“I might want [lack] otherwise, but when the Lord is my Shepherd he is able to supply my needs, and he is certainly willing to do so, for his heart is full of love, and therefore ‘I shall not want.’ I shall not lack for temporal things. Does he not feed the ravens, and cause the lilies to grow? How, then, can he leave his children to starve? I shall not want for spirituals, I know that his grace will be sufficient for me [2 Cor. 12:9]. Resting in him he will say to me, ‘As thy day so shall thy strength be’ [Deut .33:25]. I may not possess all that I wish for, but ‘I shall not want.’ Others, far wealthier and wiser than I, may want, but ‘I shall not'” (See 1 Tim 6:6).[2]

The story is told of a devout Quaker who leaned on his fence one day and watched a new neighbor move in next door. After all kinds of modern appliances, electronic gadgets, plush furniture, and costly wall hangings had been carried in, the onlooker called over, “If you find you’re lacking anything, neighbor, let me know and I’ll show you how to live without it.” With our hearts in contented fellowship with the Good Shepherd, there are many things we can live without!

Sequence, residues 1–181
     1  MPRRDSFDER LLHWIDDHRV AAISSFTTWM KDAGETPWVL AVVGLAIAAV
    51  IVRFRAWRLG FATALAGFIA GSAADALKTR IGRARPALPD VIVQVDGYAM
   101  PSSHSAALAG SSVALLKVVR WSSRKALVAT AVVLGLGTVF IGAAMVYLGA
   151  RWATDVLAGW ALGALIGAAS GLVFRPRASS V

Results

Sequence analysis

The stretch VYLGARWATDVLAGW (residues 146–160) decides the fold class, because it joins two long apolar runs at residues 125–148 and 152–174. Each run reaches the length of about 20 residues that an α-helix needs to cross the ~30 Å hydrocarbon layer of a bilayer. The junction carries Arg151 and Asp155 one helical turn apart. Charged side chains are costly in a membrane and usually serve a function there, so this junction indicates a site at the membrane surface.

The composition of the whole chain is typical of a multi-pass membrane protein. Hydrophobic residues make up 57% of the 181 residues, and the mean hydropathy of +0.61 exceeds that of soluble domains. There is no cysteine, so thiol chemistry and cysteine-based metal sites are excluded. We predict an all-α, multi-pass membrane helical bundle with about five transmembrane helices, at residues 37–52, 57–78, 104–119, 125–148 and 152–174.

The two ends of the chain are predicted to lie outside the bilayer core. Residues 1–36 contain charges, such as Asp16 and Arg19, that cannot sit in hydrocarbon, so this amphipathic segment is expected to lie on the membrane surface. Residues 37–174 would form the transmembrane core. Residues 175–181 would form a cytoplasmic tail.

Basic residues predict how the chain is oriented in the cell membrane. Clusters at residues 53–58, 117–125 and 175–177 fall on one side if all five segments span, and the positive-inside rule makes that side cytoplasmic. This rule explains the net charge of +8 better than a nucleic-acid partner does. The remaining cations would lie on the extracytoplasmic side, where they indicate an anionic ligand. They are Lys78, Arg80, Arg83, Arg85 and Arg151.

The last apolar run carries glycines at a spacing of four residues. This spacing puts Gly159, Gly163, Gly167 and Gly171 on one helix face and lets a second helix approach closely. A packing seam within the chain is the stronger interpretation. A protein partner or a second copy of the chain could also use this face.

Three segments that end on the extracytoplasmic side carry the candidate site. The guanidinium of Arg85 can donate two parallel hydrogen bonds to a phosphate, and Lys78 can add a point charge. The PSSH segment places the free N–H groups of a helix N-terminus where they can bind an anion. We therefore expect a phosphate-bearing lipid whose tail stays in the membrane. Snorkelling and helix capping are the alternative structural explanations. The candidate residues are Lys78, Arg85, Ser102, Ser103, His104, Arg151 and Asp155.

The rest of this wonderful 23rd Psalm is a pastoral tribute to the ways that God faithfully meets the needs of His people.

The neighboring psalms further expand on the reasons for the Shepherd’s sufficiency.

Psalm 22 foretells the Shepherd’s sacrificial death:

“My God, My God, why have You forsaken Me? Why are You so far from helping Me… My strength is dried up like a potsherd, And My tongue clings to My jaws; You have brought Me to the dust of death. For dogs have surrounded Me; The congregation of the wicked has enclosed Me. They pierced My hands and My feet; I can count all My bones. They look and stare at Me. They divide My garments among them, And for My clothing they cast lots” (Psalm 22:1,15-18).